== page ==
Wednesday, February 24, 2010

The Lays of the Land

Laying out the Presidential Plan, wherein lies a recycled blog

“Well, our bill has been laying on the table for months. If the other side has ideas, the American people deserve to hear them.” In such feisty terms did a leading Democratic politician describe the state of play of the alleged “health care debate”. I voted for President Obama. As an English professor my hopes for the new administration were more eccentric, but also more realistic, than those of many of my fellow electors. I was not taken in for a moment by the promise of change I could believe in; what I did hope for was presidential grammar that I could tolerate.

There has been, happily, marked improvement. How could there not have been? One might wish that at some point during his elite education the president had learned that the first-person pronoun “I” (among his favorite words, after all) is a nominative form, and that he really ought not to use it as the object of transitive verbs or in such prepositional phrases as “for Michelle and I”. But this is a venial sin, and compared with his predecessor, who appears to have assigned the theory of the complete sentence to the same category of dubious hypothesis as that in which global warming might be found, Mr. Obama is a dignified speaker.

Unfortunately, the same cannot be said for his “spokespersons,” as they are now called. Mr. Gibbs is particularly inarticulate; but I entertain the dark suspicion that there is not a person in the White House who can distinguish between the verbs lay and lie. How well I remember the witticism of Mrs. White, my ninth-grade English teacher. The bill is laying on the table, indeed! Whenever one of us uttered a Gibbsism she shot back: “Hens lay. Politicians lie.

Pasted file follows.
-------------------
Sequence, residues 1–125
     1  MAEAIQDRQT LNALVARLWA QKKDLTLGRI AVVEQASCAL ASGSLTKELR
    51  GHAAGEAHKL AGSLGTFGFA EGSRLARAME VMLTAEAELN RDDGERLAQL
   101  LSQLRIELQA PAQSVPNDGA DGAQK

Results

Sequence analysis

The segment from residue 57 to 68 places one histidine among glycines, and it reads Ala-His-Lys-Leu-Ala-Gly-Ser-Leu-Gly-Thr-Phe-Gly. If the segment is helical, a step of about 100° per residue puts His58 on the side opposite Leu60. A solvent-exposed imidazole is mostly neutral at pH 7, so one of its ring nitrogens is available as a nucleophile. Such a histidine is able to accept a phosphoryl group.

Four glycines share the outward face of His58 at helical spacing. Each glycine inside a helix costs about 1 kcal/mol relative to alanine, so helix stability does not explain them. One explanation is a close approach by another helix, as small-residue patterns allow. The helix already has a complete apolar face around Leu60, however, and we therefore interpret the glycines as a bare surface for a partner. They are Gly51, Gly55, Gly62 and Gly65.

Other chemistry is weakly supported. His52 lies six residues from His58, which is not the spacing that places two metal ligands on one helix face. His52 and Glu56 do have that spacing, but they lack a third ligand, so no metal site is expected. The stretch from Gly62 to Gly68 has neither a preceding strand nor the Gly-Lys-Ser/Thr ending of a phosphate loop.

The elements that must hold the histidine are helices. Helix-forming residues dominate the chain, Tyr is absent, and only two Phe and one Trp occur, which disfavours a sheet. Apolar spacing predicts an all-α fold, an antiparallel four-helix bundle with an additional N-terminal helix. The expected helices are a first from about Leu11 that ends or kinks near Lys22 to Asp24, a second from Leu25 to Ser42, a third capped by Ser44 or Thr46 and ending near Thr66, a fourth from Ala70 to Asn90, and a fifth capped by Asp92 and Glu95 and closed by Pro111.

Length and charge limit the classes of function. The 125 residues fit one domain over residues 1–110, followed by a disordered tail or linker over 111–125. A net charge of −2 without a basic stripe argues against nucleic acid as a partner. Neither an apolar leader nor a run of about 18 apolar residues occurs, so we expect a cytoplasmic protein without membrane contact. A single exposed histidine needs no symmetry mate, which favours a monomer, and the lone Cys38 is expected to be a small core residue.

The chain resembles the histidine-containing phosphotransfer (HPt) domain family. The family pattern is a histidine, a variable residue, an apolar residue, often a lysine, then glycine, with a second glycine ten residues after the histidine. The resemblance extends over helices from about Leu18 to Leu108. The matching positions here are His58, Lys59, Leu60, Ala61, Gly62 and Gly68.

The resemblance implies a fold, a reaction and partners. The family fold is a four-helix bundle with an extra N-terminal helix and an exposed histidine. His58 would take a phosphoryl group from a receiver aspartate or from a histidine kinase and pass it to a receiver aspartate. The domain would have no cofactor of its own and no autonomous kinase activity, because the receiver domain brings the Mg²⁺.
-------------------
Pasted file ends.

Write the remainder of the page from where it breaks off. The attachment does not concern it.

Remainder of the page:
It’s a lost cause, but now and again I still fight back. Some time ago, under doctor’s orders, I underwent a “stress test” at an “imaging center”. The purpose of the test, apparently, is to gauge the functioning of the coronary arteries at a time when the exercised heart is beating rapidly. That part of the test, involving a simulated trot up a 14-degree slope on a treadmill, presented little difficulty. The real “stress” was elsewhere. First of all a nurse sticks a horse-needle into the crook of your arm. I am used to nurses who have difficulty finding the right vein. This one was challenged to find the right arm; but he eventually achieved the desired conduit for injecting what the doctor himself, who now arrived on the scene preemptively annoyed, called “the radioactive stuff”.

“This may feel a little cold in your arm, but it has no side-effects and no after-effects. Lay down on the table,” (pointing) “legs that way”. Perhaps if Dr. Goodscalpel had said the magic word “Please” my professorial resistance would not have been engaged; but he didn’t. Lie,” I said. “Please lie on the table.” He took on an expression in which grumpiness contested the field with dull incomprehension. Lay is a transitive verb,” I explained. “You pick something up, and you lay it down. Chickens lay eggs. ‘Lay down your arms, and come out with your hands up.’ That sort of thing. Lie is intransitive. ‘Amaryllis lies upon her fragrant bed of myrtle.’” That is a pretty far-out line under the best of circumstances, but if the only Myrtle known to you is your wife’s cousin it apparently becomes kinky as well. But all he said was “Lie, lay—what’s the difference?”

I had of course, just explained the difference; and society should be concerned that a man who finds it inconsequential is licensed to pump me full of “radioactive stuff,” let alone reorganize all of American health care. Distinctions in the lay/lie word families are not insignificant, as I then tried to demonstrate by pulling out my one famous author story.